Yeast mutants affecting possible quality control of plasma membrane proteins
Graduate School of Biomedical Sciences; Department of Molecular Genetics and Microbiology
Life Sciences | Medicine and Health Sciences
Mutations gef1, stp22, STP26, and STP27 in Saccharomyces cerevisiae were identified as suppressors of the temperature-sensitive alpha-factor receptor (mutation ste2-3) and arginine permease (mutation can1(ts)). These suppressors inhibited the elimination of misfolded receptors (synthesized at 34 degrees C) as well as damaged surface receptors (shifted from 22 to 34 degrees C). The stp22 mutation (allelic to vps23 [M. Babst and S. Emr, personal communication] and the STP26 mutation also caused missorting of carboxypeptidase Y, and ste2-3 was suppressed by mutations vps1, vps8, vps10, and vps28 but not by mutation vps3. In the stp22 mutant, both the mutant and the wild-type receptors (tagged with green fluorescent protein [GFP]) accumulated within an endosome-like compartment and were excluded from the vacuole. GFP-tagged Stp22p also accumulated in this compartment. Upon reaching the vacuole, cytoplasmic domains of both mutant and wild-type receptors appeared within the vacuolar lumen. Stp22p and Gef1p are similar to tumor susceptibility protein TSG101 and voltage-gated chloride channel, respectively. These results identify potential elements of plasma membrane quality control and indicate that cytoplasmic domains of membrane proteins are translocated into the vacuolar lumen.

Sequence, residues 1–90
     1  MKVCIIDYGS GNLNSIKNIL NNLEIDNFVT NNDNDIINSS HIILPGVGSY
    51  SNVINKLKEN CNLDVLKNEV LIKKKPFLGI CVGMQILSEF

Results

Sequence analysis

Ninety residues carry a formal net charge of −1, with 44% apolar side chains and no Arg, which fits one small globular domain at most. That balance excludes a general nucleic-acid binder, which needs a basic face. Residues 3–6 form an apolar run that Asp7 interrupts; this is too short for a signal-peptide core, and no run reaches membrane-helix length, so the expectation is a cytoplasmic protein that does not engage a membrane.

DOI of Published Version
Mol Cell Biol. 1999 May;19(5):3588-99.
Molecular and cellular biology
Li Y, Kane T, Tipper C, Spatrick P, Jenness DD. (1999). Yeast mutants affecting possible quality control of plasma membrane proteins. GSBS Student Publications. https://doi.org/10.1128/MCB.19.5.3588. Retrieved from https://escholarship.umassmed.edu/gsbs_sp/685